There comes a point in many people's careers when they elevate from mentee, to mentor. Often you can tell when this transition is occurring. For instance, a former employee gets in touch wanting to chat about their career, or someone is referred to you by a friend or colleague.
Whatever the circumstance, becoming a mentor is truly a gift, a responsibility not to be taken lightly. So why is it that some leaders embrace the role willingly and with gusto, whereas others shy away from it?
When I talk with those leaders about why they don't mentor, I frequently receive reasons littered with feelings of unease and doubt. They feel uncomfortable with the idea of offering career advice to a young professional that doesn't work directly for them. How could they offer guidance to a person who works outside of their own professional context? That's the point, I tell them, providing an objective ear. And it's not all about giving advice, or telling someone what to do. Yet, some remain unconvinced.
So, in the spirit of dispelling these misconceptions - and based on my 20 something years experience mentoring people from all walks of life and professions - here are my guiding principles for the budding mentor.
A mentor isn't there to provide all the answers:
The role of the mentor is to provoke the individual into thinking about what they should be considering. The best mentors of all are the ones that say the least, but provide a sense of conscience that the individual may, or may not, be taking the correct path.
Ask the right questions:
Sometimes the mentee is so entrenched in an issue, incessantly thinking about it and drawing negative conclusions, that they've overwhelmed any potential for a rational perspective or solution. Asking considered questions can help encourage the individual out of their cocoon, and pull free of the destructive bunker-mentality. It should help them start thinking differently about whatever it is that they're facing.
Try to avoid over-mentoring:
A lot of people collect mentors like the Australian cricket team collects victories (sorry readers from England, I couldn't help myself). They have a stable of experienced people that they regularly turn to for guidance, so avoid ever having to think for themselves. So, upon meeting with your mentee, ask them if they have anyone else performing a similar role in their lives. Also, don't be overly accessible. It won't help them in the long run as, again, they won't be in a position to think for themselves.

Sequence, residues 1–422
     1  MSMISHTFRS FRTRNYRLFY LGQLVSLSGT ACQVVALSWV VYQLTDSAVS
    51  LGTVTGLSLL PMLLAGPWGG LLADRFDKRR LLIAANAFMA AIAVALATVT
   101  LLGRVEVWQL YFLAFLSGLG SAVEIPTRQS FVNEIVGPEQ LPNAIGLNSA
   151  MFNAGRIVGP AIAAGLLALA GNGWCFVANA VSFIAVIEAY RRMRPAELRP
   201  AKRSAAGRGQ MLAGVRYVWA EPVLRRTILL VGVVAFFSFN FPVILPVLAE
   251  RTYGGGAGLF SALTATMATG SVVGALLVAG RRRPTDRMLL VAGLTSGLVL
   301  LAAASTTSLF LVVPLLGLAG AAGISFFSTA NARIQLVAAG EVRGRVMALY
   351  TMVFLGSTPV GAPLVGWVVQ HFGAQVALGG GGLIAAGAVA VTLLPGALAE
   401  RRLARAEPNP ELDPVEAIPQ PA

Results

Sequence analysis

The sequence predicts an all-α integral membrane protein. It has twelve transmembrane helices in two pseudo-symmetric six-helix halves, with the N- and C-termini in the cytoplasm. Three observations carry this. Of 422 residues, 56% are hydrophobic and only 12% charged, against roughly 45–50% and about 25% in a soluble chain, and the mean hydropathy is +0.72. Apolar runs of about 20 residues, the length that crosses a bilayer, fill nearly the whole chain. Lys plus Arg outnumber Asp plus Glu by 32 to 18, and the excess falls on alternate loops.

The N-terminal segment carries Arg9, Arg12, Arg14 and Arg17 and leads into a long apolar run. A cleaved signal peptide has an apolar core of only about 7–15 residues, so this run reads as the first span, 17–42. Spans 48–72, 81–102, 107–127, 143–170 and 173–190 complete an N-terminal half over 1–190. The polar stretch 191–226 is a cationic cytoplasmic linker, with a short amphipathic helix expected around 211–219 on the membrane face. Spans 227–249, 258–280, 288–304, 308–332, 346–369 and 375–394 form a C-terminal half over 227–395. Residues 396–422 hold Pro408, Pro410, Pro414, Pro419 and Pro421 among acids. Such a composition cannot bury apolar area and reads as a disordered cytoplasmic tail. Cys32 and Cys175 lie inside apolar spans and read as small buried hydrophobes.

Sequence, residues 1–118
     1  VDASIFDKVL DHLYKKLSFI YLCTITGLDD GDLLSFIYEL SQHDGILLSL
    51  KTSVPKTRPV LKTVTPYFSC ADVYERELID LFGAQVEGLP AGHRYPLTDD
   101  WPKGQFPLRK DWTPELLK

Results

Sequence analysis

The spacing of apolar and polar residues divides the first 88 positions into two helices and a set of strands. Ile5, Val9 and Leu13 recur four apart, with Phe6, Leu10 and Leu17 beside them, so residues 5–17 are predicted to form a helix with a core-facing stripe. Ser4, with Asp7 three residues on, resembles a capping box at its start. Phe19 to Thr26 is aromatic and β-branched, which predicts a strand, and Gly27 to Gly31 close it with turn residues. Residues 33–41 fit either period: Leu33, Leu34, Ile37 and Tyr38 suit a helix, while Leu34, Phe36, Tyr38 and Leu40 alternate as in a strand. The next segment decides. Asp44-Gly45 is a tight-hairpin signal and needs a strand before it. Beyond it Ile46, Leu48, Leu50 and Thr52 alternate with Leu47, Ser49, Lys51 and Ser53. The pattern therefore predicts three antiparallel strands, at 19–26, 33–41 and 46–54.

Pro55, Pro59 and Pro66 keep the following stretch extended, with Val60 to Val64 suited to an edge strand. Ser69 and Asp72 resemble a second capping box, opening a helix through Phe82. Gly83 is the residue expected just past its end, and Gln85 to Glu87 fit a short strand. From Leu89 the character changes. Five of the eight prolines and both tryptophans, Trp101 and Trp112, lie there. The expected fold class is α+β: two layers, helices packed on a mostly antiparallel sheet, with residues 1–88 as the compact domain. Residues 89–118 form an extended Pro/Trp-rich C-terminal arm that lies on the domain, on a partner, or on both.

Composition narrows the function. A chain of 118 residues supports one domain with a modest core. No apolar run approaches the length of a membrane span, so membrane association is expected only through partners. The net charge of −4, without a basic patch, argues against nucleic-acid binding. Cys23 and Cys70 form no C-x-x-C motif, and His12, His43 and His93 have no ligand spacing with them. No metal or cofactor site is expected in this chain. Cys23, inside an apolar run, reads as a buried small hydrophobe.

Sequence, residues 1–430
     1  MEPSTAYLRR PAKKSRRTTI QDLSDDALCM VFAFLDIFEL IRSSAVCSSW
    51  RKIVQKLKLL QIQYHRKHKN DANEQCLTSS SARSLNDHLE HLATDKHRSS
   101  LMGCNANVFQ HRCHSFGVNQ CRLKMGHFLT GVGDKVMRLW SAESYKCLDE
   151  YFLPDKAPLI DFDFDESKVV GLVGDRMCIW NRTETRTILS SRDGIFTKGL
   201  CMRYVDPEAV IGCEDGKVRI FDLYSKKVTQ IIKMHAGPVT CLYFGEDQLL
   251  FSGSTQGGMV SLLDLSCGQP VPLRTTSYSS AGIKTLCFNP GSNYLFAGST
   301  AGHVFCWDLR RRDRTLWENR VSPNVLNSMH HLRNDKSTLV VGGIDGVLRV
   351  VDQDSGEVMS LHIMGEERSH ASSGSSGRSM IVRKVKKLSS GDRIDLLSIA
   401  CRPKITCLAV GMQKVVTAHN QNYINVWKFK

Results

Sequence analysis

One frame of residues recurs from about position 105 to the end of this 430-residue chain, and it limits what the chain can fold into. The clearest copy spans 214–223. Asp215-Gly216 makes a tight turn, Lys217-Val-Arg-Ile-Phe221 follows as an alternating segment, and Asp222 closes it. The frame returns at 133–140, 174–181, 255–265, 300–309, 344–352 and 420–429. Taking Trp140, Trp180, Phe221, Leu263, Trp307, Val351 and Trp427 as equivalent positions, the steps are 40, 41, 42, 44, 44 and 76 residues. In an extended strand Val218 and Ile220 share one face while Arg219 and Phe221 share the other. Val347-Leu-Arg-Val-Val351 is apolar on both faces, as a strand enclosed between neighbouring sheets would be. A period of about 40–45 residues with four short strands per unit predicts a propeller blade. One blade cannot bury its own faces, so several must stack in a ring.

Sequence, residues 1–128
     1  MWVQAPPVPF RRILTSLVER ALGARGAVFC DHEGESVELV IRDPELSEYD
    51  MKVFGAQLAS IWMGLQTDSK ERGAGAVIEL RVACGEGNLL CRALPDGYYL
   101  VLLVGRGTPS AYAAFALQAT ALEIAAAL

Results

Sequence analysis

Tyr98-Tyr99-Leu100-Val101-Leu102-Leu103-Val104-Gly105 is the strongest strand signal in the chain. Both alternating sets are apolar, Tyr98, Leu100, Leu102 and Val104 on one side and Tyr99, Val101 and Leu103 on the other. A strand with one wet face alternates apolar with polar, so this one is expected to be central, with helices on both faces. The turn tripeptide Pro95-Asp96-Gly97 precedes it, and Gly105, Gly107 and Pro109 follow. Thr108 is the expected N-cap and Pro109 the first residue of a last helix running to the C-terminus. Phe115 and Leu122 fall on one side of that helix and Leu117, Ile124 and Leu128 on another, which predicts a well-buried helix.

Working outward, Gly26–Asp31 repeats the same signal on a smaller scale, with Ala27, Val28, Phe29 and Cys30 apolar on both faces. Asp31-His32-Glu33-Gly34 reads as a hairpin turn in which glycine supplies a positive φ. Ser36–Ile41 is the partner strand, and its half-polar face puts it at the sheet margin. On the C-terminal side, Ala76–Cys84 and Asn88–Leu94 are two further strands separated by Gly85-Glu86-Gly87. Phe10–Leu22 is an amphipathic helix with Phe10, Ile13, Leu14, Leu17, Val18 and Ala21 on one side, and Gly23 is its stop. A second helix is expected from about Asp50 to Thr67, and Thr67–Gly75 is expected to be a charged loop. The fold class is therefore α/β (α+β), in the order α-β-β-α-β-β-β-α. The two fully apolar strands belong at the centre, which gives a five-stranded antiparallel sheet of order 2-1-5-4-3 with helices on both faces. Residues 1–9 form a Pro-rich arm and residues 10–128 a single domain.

Establish some clear parameters from the outset as to when you're available to talk.
Sometimes fledgling professionals believe what they're feeling or facing is unique to them. Chances are what they're going through is not uncommon, and might be something you have encountered yourself. Relating to them through anecdotal advice, sharing insights on common experiences and challenges - swapping war stories if you like - can help build a real bond, enlighten the individual's perspective and help build trust between the two of you, which is very important.
And I don't mean it's about saying they should take a certain course because "that's what I did". It's about easing their concerns, helping them think clearly so they understand that their career will likely be full of challenges that they'll need to navigate.
Mentoring isn't the same as managing:
Unlike a manager, it's important for a mentor to create a relationship grounded in independence. Maintaining objectivity is essential for the meetings to be worthwhile for mentor and mentee. You can become close, but ensure it's not at the expense of why you're sitting across the table from each other. Substance and internal challenge is a stronger beast than positive reinforcement for the sake of it.
To me, whether you're in business, politics, sports or the community, if you're in a leadership position, you have an undeniable responsibility to make yourself available for eager young leaders to tap into your wisdom and experience. In the spirit of mentoring, I hope my suggestions offer some guidance to those of you wanting to guide.